“We can do everything we can to prepare our kids for going back to school,” he says, “but the reality is that based on the actions of others, the virus may not be in a place that allows for all kids to return. Further, some schools may even make decisions that you disagree with—this is a tough spot to be in as a parent.”
We can’t control what others decide, and that in and of itself can be stressful—especially when parents are trying to work while helping their kids thrive in virtual learning environments. “The best we can do is let our voice be heard,” says Dr. Miller. “Be honest with our kids about what to expect. Be honest with your school about what you expect. And make sure to not try to take on what you can’t control. That only adds to your stress and anxiety, which does not help your situation, your kids or your own health.
“Take a breath—know that this will one day pass—and let’s do all we can to stay grounded in the moment and talk to each other about how we are feeling in these strange and uncertain times.”
Working parents who may be facing another year of remote learning should start having conversations now with their employers about what they might need to best support their children. This early dialogue can then pave the way for you to negotiate to work from home, should the need arise.
Rhyu believes that parents should have the choice to alter their work schedules and/or location to take care of their kids. “Parents need options like job sharing or even workload balancing across teams and people to provide the flexibility to do their jobs and meet the needs of their families,” he says. “As parents, our children are our main priority. Every employer should respect this.”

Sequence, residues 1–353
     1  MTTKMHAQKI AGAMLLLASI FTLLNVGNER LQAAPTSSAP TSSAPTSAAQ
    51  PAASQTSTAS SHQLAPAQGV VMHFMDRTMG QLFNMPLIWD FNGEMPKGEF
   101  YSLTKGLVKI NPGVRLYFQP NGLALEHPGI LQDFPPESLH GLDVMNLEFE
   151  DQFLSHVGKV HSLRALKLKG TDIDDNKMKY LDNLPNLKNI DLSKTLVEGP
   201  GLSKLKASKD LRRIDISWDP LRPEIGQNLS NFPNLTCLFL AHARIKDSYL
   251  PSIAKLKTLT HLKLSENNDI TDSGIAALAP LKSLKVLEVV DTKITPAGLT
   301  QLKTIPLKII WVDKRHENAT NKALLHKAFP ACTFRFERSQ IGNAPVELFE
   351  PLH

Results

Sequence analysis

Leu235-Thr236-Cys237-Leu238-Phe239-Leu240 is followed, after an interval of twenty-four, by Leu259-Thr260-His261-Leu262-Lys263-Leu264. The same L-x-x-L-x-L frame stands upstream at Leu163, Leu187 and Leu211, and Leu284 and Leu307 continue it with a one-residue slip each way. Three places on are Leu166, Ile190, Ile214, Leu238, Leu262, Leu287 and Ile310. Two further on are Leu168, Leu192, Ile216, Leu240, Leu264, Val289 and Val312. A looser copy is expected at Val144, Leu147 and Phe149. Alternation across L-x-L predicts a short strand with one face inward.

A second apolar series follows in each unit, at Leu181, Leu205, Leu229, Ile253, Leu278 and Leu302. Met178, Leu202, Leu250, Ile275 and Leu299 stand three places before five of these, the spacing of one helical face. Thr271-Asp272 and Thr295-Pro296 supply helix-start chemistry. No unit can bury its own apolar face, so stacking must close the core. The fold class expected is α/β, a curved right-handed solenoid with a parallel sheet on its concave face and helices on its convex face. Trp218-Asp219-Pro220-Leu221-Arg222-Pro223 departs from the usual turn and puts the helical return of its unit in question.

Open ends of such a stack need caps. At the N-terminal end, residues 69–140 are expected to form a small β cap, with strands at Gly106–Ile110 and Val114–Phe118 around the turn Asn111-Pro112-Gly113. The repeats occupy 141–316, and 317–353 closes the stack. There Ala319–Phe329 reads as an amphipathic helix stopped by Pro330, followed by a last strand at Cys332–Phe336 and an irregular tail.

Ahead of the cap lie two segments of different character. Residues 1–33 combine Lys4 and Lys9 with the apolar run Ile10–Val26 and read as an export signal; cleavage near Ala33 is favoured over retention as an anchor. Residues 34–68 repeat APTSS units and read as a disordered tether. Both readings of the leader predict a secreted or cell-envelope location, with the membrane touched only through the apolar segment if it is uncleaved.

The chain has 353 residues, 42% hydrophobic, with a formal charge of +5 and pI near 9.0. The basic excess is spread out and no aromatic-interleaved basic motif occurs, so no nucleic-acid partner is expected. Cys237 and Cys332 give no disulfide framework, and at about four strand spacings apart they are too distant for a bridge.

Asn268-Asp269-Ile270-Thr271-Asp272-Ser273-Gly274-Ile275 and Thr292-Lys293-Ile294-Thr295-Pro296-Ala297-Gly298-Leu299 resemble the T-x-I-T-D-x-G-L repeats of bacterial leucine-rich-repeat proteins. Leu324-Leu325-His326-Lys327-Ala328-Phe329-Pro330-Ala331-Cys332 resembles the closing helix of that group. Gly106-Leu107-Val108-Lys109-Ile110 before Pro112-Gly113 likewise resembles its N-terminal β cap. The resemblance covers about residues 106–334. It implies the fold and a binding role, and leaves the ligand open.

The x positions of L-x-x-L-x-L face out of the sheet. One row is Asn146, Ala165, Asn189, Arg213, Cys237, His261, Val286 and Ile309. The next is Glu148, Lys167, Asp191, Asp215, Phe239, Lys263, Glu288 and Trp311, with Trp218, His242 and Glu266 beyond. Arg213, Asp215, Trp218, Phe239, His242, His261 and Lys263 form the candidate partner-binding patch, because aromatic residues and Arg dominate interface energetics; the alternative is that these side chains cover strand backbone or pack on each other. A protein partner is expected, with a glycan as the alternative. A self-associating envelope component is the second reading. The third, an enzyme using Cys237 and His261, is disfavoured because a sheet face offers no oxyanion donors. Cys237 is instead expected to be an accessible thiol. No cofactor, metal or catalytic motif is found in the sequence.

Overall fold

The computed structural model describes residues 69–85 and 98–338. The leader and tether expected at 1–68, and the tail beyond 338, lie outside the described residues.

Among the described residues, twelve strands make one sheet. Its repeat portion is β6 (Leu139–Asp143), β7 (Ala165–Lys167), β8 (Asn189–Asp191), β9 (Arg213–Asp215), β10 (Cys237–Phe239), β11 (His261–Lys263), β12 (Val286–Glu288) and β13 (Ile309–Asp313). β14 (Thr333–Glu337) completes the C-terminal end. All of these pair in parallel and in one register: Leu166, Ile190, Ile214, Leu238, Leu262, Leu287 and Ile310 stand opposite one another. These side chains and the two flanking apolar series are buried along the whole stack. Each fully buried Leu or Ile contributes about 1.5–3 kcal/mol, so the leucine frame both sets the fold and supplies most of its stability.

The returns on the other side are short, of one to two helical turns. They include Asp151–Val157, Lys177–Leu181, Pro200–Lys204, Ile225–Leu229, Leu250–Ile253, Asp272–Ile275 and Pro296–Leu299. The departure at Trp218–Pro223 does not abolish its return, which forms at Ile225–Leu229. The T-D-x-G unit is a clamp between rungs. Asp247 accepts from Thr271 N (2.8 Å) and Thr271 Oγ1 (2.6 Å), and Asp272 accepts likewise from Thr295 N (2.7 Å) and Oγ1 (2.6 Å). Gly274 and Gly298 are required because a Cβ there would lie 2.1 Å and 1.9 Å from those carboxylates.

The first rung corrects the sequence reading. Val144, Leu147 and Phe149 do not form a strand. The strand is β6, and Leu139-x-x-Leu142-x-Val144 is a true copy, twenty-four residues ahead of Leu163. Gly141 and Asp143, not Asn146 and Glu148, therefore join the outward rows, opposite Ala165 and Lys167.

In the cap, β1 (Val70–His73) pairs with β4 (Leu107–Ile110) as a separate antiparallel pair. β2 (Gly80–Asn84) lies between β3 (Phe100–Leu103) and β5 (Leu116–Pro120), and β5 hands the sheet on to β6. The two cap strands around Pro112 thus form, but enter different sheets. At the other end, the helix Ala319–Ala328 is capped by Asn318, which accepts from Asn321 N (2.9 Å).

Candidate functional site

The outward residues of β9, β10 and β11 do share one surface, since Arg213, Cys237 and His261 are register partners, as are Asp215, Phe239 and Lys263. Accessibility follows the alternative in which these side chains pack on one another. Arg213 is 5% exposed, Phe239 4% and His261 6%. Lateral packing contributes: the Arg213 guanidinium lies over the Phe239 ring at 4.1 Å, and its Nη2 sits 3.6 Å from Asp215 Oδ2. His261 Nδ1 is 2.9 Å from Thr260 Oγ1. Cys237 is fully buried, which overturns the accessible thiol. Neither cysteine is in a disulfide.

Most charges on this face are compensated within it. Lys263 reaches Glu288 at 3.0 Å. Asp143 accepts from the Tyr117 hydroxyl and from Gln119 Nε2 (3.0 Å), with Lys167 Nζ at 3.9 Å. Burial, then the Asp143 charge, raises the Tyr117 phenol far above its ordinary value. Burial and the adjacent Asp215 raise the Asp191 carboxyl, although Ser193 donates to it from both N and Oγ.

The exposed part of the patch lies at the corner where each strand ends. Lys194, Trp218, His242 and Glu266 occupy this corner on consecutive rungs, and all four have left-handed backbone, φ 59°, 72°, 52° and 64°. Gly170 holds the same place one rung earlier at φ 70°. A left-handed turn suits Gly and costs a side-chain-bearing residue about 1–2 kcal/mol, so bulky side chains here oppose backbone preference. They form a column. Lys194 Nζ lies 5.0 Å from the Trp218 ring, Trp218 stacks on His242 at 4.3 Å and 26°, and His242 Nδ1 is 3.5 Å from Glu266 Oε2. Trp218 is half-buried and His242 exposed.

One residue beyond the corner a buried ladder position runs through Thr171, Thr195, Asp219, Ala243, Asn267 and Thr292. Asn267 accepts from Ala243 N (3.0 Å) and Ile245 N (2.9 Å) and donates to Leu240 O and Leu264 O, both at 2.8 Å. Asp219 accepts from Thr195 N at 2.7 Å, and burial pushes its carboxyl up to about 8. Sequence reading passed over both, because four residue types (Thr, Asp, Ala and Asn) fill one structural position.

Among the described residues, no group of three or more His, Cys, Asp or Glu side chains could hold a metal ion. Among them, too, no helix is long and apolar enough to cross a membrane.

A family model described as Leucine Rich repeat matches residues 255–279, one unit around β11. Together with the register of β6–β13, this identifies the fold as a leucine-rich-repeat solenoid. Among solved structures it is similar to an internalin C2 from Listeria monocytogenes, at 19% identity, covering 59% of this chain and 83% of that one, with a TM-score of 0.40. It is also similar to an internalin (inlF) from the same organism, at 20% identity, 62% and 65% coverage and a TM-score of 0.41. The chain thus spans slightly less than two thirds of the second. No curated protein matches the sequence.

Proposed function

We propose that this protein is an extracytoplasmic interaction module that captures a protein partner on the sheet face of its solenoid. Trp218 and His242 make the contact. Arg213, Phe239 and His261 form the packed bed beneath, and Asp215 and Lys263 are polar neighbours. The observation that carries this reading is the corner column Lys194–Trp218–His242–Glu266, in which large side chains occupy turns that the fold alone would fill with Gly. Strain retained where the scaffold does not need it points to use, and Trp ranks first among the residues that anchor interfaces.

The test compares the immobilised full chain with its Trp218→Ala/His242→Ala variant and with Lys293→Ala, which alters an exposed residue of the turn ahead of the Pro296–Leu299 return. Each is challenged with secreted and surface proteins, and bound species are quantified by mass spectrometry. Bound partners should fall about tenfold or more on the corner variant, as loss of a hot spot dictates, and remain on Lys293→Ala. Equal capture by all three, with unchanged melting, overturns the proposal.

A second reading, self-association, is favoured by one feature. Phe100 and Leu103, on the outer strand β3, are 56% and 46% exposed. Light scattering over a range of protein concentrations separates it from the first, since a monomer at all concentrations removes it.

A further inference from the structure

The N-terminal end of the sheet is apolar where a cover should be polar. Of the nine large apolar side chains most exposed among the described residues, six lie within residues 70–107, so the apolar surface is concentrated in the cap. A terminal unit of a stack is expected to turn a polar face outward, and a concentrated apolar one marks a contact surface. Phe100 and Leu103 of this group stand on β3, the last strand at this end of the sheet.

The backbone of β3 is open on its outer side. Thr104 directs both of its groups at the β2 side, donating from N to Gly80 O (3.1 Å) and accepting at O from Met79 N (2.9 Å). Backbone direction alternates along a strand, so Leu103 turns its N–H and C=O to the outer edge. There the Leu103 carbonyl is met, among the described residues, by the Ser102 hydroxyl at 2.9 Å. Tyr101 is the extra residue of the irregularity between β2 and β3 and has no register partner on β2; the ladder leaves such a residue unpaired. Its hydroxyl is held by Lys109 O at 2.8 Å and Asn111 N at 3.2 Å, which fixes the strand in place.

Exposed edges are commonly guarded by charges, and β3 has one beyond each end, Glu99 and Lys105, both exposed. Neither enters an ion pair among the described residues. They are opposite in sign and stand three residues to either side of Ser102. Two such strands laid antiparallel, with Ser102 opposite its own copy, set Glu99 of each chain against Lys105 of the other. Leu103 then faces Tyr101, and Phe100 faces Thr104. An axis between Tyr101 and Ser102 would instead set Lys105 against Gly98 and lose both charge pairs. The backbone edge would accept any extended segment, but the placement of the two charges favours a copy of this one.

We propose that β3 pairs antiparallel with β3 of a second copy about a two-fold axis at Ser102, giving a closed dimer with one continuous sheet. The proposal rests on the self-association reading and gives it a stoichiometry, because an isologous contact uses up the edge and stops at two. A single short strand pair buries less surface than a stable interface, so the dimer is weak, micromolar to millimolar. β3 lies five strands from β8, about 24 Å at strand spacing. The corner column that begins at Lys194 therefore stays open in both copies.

If parents are forced to deal with another remote school year, Rhyu says that online learning, when done right, does work. “Every parent in every state has the option to send their student to their local school, use an online option if their school offers it or opt for an experienced online provider to educate their students,” he says. “Every school district must be ready, willing and able to invest in high-quality online learning options that meet the needs of the families they serve.
“Online learning is here to stay.”
As parents know all too well, kids are observant. They absorb tremendous amounts of information from watching others. That’s why, as you deal with the challenges the new school year brings, remember your kids are often taking their cue from you. The example you set may have a bigger influence than you know.
“Helping them learn how to process their emotions, cope with stress and solve problems are all steps towards resilience,” says Dr. Miller. “These skills will not only help them prepare for the fall but will also benefit them far beyond Covid-19 and the challenges of the next several months with returning back to school.”
As we face the possibility of another disrupted year of learning, don’t forget: not all education is academic. Life skills like coping with stress, putting forth your best effort every time, navigating uncertainty and treating others with grace are all incredibly valuable lessons that kids can learn right alongside us as parents. Whatever the new school year brings, you can make the most of it when you approach it with a positive attitude—and help your kids do the same.